Tightening the tap on council leaks

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tapAnalysis – Carol Altmann

We heard it was coming and it has arrived – the clamping down of councillors being able to speak freely to the media and a whopping fine if they leak what a council considers confidential information.

Tomorrow night (July 4) the Warrnambool City Council will use a special meeting to vote on a new code of conduct that, among a raft of other things, demands that councillors tell the communications manager, Nick Higgins, if they talk to a journalist.

It also includes a provision to fine councillors $18,200.40 (!!) – or charge them with serious misconduct – if they leak confidential information to a journalist, or anybody else for that matter. This change is one that had been recommended for councils across Victoria under changes to the Local Government Act.

In another change under the Act, all councillors must sign the code of conduct if they wish to remain on council.

The changes to the Act make no secret, pardon the pun, that they are intended to improve accountability and “standards of behaviour” which is another way of saying that “rogue” councillors will be dragged further into line.

I am not in favour of councillors running amok, but this clamping down comes as more and more information is kept from the public, or carefully massaged by council media units before release, and will only make it even harder for journalists to tell you what is really going on.

In fact, at the time of writing, if you try and find the agenda for tomorrow night’s special meeting on the council’s website, it is not there. Nor is a copy of the draft Code of Conduct so that we can see what the councillors are being asked to consider.

More importantly, as we have already written, there has been a string of critical information that has been considered “confidential” by the council that surely should be in the public domain.

This includes:

…and on it goes.

bruce anson abc
The exact salary package of WCC chief executive Bruce Anson is one of the many items considered confidential. Image: ABC.

All of the stories we have written about these issues have relied on sources, leaks and Freedom of Information applications – the bread and butter of any good journalism, but also becoming the only way to find out even the most basic of information (eg. how much is council CEO Bruce Anson actually paid?)

You may recall that the internal panic about leaks from Warrnambool City Council came to a head after the leaking of documents to The Age about the expansion of  Midfield Meats and the political connections of boss Colin McKenna.

That saga led to an investigation and public shaming of three councillors that, locally, generated more heat than the vastly more important story about links between Mr McKenna and then Premier Denis Napthine.

It also led to this latest move to stop councillors from saying anything to journalists without the council’s media adviser knowing about it.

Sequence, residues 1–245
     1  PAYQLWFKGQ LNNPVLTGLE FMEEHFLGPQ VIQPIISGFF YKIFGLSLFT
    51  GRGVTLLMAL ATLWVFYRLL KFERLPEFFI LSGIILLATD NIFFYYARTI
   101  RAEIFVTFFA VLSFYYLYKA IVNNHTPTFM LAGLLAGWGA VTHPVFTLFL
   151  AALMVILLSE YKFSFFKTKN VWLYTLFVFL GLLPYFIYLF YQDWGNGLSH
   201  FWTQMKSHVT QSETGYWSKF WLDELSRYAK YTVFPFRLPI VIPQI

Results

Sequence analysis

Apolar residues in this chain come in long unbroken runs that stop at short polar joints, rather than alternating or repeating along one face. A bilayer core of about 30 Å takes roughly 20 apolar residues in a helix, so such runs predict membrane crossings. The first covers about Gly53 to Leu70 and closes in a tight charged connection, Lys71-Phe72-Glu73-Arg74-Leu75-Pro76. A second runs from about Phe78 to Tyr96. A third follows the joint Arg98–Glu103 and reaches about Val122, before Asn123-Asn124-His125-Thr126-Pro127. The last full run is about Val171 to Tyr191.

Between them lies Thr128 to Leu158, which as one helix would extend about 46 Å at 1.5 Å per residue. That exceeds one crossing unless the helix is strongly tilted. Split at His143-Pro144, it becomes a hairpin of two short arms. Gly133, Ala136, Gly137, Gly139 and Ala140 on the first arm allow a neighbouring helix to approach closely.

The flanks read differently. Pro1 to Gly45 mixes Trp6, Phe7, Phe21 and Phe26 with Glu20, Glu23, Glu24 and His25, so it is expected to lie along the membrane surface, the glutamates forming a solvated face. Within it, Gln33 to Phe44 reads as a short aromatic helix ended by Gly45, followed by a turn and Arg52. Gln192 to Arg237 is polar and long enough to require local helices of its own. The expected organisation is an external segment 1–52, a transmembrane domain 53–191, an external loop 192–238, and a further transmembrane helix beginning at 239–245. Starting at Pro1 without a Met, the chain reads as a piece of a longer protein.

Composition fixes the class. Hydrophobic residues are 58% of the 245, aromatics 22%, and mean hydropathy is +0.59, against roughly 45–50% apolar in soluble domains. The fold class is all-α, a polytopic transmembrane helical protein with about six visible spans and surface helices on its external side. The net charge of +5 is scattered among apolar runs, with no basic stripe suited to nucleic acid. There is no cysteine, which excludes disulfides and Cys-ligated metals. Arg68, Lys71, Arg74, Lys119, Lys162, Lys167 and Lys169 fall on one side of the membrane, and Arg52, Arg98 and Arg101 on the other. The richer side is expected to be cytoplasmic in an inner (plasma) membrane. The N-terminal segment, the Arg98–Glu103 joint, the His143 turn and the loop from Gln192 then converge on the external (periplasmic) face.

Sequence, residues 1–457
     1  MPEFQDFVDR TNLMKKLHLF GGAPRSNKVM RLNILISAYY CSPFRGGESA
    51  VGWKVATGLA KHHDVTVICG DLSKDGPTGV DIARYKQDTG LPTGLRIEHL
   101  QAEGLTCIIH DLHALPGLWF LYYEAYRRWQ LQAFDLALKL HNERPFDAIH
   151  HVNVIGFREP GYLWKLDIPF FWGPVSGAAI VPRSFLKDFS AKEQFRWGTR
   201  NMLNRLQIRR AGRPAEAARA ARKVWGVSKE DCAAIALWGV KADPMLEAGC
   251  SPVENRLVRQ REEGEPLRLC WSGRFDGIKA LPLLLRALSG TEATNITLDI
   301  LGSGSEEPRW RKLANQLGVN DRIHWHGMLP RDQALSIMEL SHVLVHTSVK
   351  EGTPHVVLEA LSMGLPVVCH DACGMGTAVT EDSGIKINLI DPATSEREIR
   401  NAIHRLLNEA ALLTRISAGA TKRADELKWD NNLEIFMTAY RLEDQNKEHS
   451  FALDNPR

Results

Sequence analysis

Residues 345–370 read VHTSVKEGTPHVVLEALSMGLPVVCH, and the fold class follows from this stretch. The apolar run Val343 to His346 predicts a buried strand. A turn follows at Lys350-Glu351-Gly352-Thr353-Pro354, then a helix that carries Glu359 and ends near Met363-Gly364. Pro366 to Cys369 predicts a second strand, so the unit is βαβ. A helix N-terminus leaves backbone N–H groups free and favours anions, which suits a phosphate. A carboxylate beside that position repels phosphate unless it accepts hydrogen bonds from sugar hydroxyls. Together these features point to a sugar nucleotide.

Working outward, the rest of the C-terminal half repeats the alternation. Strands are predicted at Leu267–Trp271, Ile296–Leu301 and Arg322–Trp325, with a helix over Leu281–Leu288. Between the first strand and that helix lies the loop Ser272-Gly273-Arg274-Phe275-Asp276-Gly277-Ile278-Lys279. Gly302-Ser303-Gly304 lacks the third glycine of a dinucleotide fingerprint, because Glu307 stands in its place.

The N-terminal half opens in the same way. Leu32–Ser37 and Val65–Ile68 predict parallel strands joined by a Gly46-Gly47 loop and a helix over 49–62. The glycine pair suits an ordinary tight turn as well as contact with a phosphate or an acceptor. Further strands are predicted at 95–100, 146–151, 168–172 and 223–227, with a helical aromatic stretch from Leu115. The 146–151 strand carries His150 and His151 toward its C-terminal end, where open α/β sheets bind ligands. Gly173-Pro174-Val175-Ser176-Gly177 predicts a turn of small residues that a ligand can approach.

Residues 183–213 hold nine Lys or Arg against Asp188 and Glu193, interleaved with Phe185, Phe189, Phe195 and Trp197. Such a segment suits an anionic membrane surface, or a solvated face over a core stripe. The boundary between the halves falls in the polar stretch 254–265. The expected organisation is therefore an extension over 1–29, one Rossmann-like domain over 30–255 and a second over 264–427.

You have to ask – who is this policy designed to benefit?

Only those who want to keep you, the ratepayer, in the dark about the potentially controversial, embarrassing or debatable decisions that are made behind closed doors.

As a wise person once said: “news is what somebody, somewhere doesn’t want you to know. The rest is advertising”.

And I, for one, believe we need far more news.

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8 thoughts on “Tightening the tap on council leaks”

  1. Great to hear your voice of reason once again Carol. So much for transparency in government. What are they so afraid of? If they are doing what they are elected to do, why the need for secrecy? What a terrible way to run a council. Threatening a councillor that may have a differing opinion with a fine or worse is no way to ensure a fair outcome for any item on the agenda. Who will be brave enough to stay and work in such an environment? Only sycophants and yes men will remain and I suppose that’s the reasoning behind this whole absurd exercise.

  2. $18,200:00 sounds fair enough but spare them the 40 cents, surely.This smacks of an awkward combination of bullying those that wish to serve into silent submission and a high degree of silliness, all to protect us from what is, essentially, our business.

  3. I will be attending this special council meeting on Monday 4th July at 5.00pm, I also urge others to attend this open meeting.
    I believe the signing of this Code of Conduct could have been held over until after the October elections to enable the new councillors to have input into this document. To threaten councillors with large fines for freely speaking to the media denies them a democratic right to freedom of speech.
    I will be running in the next council elections and will be strongly advocating for an open and transparent council. After all it is ratepayers money they are spending.

  4. As this vote is to be taken on a recommendation only, my position is that it should be rejected.
    For heaven’s sake, any issue being considered which relies upon ratepayer funding to finance it, ought to be totally transparent.
    Knowledge may be power but secrecy reeks of totalitarianism. Punishment for divulging secrets is heading down a deep and dark road.

  5. Mayor Gaston, Councillors Ermacora and Askew voted yes. Councillors Hulin and Kelson voted no. This meeting was held before the open council meeting time of 5.45pm.
    Unfortunately I missed the debate.

  6. Warrnambool has a chance to change all of this in October. Vote wisely in our Council elections. Do not let this destructive power and control continue.
    This is a shining example of having, yet again, a Mayor that appears to have no interest in leading Warrnambool into a bright future. We need a real leader who acts on behalf of the people of Warrnambool, with no secrets to hide. (edited)

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